Police Departments Suffer From Ammunition Shortage and High Prices

John Martin, owner of Shooter’s Depot works with his ammunition stock Thursday, Feb. 7, 2013, on Shallowford Road in Chattanooga, Tenn. Martin says demand has been so high for ammunition, he had to limit his stock of ammo to range members only. (Photo: AP/Chattanooga Times Free Press, John Rawlston)

Ever since gun control discussions began in such earnest after the tragedy in Newtown, Conn., firearms and ammunition have been flying off the shelves. Store owners have said they can’t restock fast enough and demand has driven up the prices. But what about those who need ammo for the jobs and have budgets that have remained stagnant or even declined, like law enforcement?

An Oklahoma police department is saying it is taking donations and coming up with other innovative ways to get their hands on necessary supplies that it can’t seem to afford or that it cannot find in stock at this time.

KJRH reported Jenks Police Department Chief Cameron Arthur saying some departments are bartering for supplies and even cutting down on the number of bullets loaded in firearms to stretch stocks.

“Most police departments are having a very difficult time even getting the necessary ammunition for handguns, shotguns and especially rifles,” Arthur said. “With the delay in ammunition, some departments are limiting the number of rounds they carry in their handgun because of the shortage of ammunition. We get to the point where it is difficult to have enough ammo to train and also equip the officers.”

Arthur also said the department received a $3,000 donation from the community for supplies and has had some donations of goods from the U.S. military.

Overall, Arthur expressed his primary objective to KJRH, which is to make sure officers and citizens are kept safe.

“Statistics would show that about one out of every five officers that are killed are killed with an assault-type rifle. We are being out-armed and out-manned in regard to these type of weapons day in and day out. So it is critical that we have access to superior fire power,” Arthur said.

But this Oklahoma department is by no means the only one rethinking its operations due to an ammo shortage. Police departments in South Carolina and Georgia have expressed how difficult it has been to get their hands on a timely supply of ammunition. The same holds true for departments in Tennessee, Indiana and Michigan who are also waiting for backordered supplies.

Watch this report about the ammo shortages:

Some have made the connection between the ammo shortage and the Department of Homeland Security’s hope to purchase 1.6 billion rounds of ammo over a four to five year period. CNS News stated:

Meanwhile, Rep. Timothy Huelskamp (R-Kansas) says the Department of Homeland Security (DHS) has failed to respond to multiple members of Congress asking why DHS bought more than 1.6 billion rounds in the past year.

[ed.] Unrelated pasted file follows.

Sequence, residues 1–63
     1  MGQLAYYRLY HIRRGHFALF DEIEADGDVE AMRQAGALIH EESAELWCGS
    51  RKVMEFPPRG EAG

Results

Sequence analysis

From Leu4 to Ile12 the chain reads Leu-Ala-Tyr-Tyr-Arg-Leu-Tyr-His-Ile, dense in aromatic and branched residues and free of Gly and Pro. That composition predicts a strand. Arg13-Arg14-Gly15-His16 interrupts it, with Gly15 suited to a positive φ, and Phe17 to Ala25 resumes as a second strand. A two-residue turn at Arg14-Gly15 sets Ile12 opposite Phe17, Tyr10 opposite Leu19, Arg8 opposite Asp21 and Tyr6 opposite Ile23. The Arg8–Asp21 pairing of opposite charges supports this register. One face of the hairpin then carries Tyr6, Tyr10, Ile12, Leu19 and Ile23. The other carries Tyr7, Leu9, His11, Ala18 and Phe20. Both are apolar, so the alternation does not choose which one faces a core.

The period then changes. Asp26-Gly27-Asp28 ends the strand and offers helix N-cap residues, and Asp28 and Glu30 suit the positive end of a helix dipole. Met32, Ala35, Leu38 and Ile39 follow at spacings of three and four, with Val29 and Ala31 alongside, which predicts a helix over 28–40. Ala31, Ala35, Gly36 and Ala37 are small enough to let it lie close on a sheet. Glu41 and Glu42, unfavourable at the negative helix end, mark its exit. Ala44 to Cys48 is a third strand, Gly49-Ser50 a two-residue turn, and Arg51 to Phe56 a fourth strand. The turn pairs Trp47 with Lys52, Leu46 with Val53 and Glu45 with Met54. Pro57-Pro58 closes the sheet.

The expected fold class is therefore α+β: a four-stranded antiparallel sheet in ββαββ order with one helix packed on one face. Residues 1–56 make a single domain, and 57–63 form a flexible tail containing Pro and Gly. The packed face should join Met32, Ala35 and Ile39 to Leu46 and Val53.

Here’s another report that questions this amount of ammunition being purchased:

This is not to say that DHS has answered to congress, but it did address the purpose of its solicitations for ammo in February. The Associated Press reported it saying the supplies would be needed for law enforcement agents in training and on duty officers:

Federal solicitations to buy the bullets are known as “strategic sourcing contracts,” which help the government get a low price for a big purchase, says Peggy Dixon, spokeswoman for the Federal Law Enforcement Training Center in Glynco, Ga . The training center and others like it run by the Homeland Security Department use as many as 15 million rounds every year, mostly on shooting ranges and in training exercises.

Dixon said one of the contracts would allow Homeland Security to buy up to 750 million rounds of ammunition over the next five years for its training facilities. The rounds are used for basic and advanced law enforcement training for federal law enforcement agencies under the department’s umbrella. The facilities also offer firearms training to tens of thousands of federal law enforcement officers. More than 90 federal agencies and 70,000 agents and officers used the department’s training center last year.

The rest of the 1.6 billion rounds of ammunition would be purchased by Immigration and Customs Enforcement, the federal government’s second largest criminal investigative agency.

TheBlaze has also reported military experts in the past saying the government buying millions of rounds of ammo is “perfectly normal” as an individual in training can go through thousands of rounds.

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(H/T: Drudge Report, CNS News)